10. A method of processing a signal for transmission in a wireless communication system, the method comprising the steps of:
encoding the signal in a multiple description coder which generates a plurality of different descriptions of a given portion of the signal;
arranging the different descriptions of the given portion of the signal into packets such that at least a first description of the given portion is placed in a first packet and a second description of the given portion is placed in a second packet; and
transmitting each of the packets using a frequency hopping modulator, wherein a hopping rate of the modulator is configured based at least in part on a number of descriptions generated for each of a plurality of different portions of the signal;
wherein the encoding step generates two descriptions for each of a plurality of different portions of the signal, with a first one of the descriptions for a current one of the portions of the signal being placed in a current packet along with a second one of the descriptions for a previous portion of the signal.
11. An apparatus for processing a signal for transmission in a wireless communication system, the apparatus comprising:
a multiple description coder operative to generate a plurality of different descriptions of a given portion of the signal, the different descriptions of the given portion of the signal being arranged into packets such that at least a first description of the given portion is placed in a first packet and a second description of the given portion is placed in a second packet; and
a frequency hopping modulator having an input coupled to an output of the multiple description coder and operative to configure the packets for transmission, wherein a hopping rate of the modulator is configured based at least in part on a number of descriptions generated for each of a plurality of different portions of the signal;
wherein the hopping rate of the frequency hopping modulator is selected such that a transmission delay of the system is not increased as a result of the transmission of the plurality of descriptions relative to a transmission delay of the system for single description transmission.
12. The apparatus of claim 11 wherein the multiple description coder comprises a multiple description coder configured to implement multiple description scalar quantization (MDSQ).
13. The apparatus of claim 11 wherein the multiple description coder comprises a multiple description adaptive differential pulse code modulation (ADPCM) coder.
14. The apparatus of claim 11 wherein each of the portions of the signal corresponds to a designated segment of the signal having a particular time duration.
15. The apparatus of claim 11 wherein the signal comprises a speech signal.
16. The apparatus of claim 11 wherein the wireless communication system comprises a cordless telephone system.
17. The apparatus of claim 11 wherein the frequency hopping modulator is configured such that each of the packets is transmitted using a different frequency.
18. An apparatus for processing a signal for transmission in a wireless communication system, the apparatus comprising:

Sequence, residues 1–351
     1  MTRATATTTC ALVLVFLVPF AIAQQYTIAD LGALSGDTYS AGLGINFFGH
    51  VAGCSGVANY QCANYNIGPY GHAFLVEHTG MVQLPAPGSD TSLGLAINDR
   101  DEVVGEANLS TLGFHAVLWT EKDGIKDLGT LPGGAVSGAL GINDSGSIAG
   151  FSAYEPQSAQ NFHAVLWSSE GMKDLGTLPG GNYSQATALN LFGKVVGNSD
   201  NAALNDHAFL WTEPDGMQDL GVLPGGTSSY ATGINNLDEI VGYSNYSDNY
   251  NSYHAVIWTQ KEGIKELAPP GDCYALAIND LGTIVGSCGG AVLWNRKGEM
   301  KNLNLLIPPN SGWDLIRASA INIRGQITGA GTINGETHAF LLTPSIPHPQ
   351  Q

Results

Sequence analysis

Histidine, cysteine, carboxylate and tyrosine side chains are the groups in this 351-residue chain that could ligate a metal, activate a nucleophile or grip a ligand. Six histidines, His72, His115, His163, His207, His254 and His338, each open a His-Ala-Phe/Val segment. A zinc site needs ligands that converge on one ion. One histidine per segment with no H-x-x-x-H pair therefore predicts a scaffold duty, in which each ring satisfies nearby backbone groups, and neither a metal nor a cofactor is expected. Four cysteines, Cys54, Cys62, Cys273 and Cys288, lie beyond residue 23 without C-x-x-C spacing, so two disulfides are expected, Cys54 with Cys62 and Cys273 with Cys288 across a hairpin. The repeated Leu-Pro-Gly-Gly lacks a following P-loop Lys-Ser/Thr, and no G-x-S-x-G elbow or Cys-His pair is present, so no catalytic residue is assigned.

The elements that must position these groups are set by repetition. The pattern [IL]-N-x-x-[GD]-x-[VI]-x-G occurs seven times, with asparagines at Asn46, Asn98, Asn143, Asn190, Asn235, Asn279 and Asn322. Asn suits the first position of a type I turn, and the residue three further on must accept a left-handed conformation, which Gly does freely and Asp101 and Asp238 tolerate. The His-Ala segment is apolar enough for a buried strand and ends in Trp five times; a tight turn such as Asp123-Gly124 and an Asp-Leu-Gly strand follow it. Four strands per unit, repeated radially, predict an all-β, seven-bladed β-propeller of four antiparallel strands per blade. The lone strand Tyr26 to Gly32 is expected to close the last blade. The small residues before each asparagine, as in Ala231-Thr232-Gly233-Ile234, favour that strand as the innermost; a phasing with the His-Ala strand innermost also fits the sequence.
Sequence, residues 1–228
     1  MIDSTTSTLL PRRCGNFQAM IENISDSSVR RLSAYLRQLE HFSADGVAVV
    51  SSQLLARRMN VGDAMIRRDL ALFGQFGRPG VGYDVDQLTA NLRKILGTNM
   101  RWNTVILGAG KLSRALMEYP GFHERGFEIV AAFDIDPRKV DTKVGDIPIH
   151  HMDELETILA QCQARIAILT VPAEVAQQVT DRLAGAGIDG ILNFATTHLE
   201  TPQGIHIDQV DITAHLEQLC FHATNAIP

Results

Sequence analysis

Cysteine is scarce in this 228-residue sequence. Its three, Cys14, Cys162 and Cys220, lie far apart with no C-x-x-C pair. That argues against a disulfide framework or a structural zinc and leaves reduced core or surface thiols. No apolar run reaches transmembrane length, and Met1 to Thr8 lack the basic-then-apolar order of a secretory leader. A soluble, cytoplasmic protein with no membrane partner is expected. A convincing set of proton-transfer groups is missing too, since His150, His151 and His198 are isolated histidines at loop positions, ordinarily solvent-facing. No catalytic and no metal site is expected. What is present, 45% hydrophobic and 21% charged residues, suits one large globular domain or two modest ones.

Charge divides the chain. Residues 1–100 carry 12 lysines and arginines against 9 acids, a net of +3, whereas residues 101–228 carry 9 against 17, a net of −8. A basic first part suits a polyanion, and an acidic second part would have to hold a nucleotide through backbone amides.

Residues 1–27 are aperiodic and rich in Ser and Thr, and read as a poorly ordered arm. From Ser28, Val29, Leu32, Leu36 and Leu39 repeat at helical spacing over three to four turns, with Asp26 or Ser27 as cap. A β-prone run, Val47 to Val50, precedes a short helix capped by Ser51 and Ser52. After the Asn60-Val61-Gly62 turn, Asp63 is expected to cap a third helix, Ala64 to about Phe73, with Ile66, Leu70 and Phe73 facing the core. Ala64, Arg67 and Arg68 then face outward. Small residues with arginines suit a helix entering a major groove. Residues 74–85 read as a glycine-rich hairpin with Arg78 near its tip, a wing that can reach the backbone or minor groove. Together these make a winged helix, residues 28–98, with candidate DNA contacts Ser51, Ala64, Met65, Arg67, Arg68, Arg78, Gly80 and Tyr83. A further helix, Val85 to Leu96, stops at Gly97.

a multiple description coder operative to generate a plurality of different descriptions of a given portion of the signal, the different descriptions of the given portion of the signal being arranged into packets such that at least a first description of the given portion is placed in a first packet and a second description of the given portion is placed in a second packet; and
a frequency hopping modulator having an input coupled to an output of the multiple description coder and operative to configure the packets for transmission, wherein a hopping rate of the modulator is configured based at least in part on a number of descriptions generated for each of a plurality of different portions of the signal;
wherein the hopping rate of the frequency hopping modulator is selected as twice a frequency hopping rate of the modulator used for transmission of a single description of the given portion of the signal.
19. An apparatus for processing a signal for transmission in a wireless communication system, the apparatus comprising:
a multiple description coder operative to generate a plurality of different descriptions of a given portion of the signal, the different descriptions of the given portion of the signal being arranged into packets such that at least a first description of the given portion is placed in a first packet and a second description of the given portion is placed in a second packet; and
a frequency hopping modulator having an input coupled to an output of the multiple description coder and operative to configure the packets for transmission, wherein a hopping rate of the modulator is configured based at least in part on a number of descriptions generated for each of a plurality of different portions of the signal;
wherein a packet size for the first and second packets is selected as one-half a packet size used for transmission of a single description of the given portion of the signal.
20. An apparatus for processing a signal for transmission in a wireless communication system, the apparatus comprising:
a multiple description coder operative to generate a plurality of different descriptions of a given portion of the signal, the different descriptions of the given portion of the signal being arranged into packets such that at least a first description of the given portion is placed in a first packet and a second description of the given portion is placed in a second packet; and